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Summary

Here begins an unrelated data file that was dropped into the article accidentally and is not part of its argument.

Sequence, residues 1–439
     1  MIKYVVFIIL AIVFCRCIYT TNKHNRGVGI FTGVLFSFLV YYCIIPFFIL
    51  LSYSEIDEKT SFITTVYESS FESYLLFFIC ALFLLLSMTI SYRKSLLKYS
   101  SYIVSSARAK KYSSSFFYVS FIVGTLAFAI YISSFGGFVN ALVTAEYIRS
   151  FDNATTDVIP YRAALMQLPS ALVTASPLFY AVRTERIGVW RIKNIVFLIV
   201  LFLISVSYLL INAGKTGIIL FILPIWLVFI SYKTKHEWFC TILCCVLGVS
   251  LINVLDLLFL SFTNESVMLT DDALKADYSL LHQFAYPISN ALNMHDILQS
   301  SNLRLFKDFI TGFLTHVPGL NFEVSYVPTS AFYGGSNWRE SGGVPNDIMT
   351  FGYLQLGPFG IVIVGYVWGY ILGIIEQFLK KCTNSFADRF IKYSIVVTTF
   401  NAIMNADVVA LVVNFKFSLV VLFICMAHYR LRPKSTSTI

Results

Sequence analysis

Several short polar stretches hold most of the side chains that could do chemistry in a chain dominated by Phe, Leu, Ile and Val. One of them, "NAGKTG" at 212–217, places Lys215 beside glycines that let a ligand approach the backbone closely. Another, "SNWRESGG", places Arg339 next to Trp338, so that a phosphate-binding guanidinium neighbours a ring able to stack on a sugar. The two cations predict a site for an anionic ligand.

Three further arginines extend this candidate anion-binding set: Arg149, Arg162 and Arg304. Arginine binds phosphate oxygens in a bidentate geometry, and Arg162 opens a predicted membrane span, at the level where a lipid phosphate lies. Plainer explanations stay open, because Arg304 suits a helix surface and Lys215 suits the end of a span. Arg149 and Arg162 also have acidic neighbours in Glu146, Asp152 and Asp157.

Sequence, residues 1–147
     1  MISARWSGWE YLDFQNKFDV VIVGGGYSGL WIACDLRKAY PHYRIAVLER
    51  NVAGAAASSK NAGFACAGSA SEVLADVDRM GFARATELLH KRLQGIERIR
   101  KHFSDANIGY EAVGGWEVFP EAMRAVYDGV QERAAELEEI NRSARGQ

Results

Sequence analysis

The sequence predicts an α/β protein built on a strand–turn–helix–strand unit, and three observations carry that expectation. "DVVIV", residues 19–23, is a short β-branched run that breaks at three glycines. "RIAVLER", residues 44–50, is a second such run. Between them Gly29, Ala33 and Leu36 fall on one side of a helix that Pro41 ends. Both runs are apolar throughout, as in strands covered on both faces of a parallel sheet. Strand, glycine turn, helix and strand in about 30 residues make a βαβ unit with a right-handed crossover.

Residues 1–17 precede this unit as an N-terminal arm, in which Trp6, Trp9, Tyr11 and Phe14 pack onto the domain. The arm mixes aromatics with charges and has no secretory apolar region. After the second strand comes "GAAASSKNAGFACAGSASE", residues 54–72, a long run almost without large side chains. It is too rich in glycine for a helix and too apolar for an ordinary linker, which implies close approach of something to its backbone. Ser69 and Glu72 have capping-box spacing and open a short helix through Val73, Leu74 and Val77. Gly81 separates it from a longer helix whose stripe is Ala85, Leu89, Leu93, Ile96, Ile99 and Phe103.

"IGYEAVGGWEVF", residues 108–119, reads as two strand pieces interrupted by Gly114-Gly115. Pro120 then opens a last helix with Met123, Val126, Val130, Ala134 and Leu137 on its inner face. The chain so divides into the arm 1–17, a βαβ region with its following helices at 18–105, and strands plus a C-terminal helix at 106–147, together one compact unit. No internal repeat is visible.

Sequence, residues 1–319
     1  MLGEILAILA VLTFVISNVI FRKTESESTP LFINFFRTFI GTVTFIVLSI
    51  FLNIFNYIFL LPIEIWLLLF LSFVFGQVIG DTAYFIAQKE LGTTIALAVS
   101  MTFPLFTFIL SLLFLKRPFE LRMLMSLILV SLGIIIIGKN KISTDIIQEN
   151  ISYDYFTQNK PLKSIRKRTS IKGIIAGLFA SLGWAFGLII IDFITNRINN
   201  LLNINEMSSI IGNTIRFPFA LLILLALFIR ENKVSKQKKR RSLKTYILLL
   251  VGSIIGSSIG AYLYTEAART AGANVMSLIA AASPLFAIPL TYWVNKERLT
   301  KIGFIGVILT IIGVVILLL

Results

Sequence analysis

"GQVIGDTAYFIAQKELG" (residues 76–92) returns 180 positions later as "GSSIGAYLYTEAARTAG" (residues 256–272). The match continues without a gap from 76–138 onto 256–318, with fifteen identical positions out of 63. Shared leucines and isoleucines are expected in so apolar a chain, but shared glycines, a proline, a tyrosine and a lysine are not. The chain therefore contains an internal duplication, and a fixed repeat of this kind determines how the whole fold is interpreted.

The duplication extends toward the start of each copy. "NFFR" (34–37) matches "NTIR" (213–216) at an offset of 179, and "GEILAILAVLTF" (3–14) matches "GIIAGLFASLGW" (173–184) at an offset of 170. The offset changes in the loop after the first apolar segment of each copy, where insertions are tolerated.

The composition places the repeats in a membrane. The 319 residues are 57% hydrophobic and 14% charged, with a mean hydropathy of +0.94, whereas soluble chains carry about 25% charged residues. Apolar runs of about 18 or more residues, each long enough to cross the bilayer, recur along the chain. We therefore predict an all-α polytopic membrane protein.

Type III secretion systems (TTSS) are used by Gram-negative pathogens to translocate proteins into eukaryotic host cells. Salmonella enterica serovar Typhimurium (S. Typhimurium) has two of these specialized systems, which are encoded on separate Salmonellapathogenicity islands (SPI-1 and SPI-2) and translocate unique sets of effectors. The specific roles of these systems in Salmonella pathogenesis remain undefined, although SPI-1 is required for bacterial invasion of epithelial cells and SPI-2 for survival/replication in phagocytic cells. However, because SPI-1 TTSS mutants are invasion-incompetent, the role of this TTSS in post-invasion processes has not been investigated. In this study, we have used two distinct methods to internalize a non-invasive SPI-1 TTSS mutant (invA) into cultured epithelial cells: (i) co-internalization with wild-type S. Typhimurium (SPI-1-dependent) and (ii) complementation with the Yersinia pseudotuberculosis invasin (inv) gene (SPI-1-independent). In both cases, internalized invA mutants were unable to replicate intracellularly, indicating that SPI-1 effectors are essential for this process and cannot be complemented by wild-type bacteria in the same cell. Analysis of the biogenesis of SCVs showed that vacuoles containing mutant bacteria displayed abnormal maturation that was dependent on the mechanism of entry. Manipulation of Salmonella-containing vacuole (SCV) biogenesis by pharmacologically perturbing membrane trafficking in the host cell increased intracellular replication of wild-type but not mutant S. Typhimurium This demonstrates a previously unknown role for SPI-1 in vacuole biogenesis and intracellular survival in non-phagocytic cells.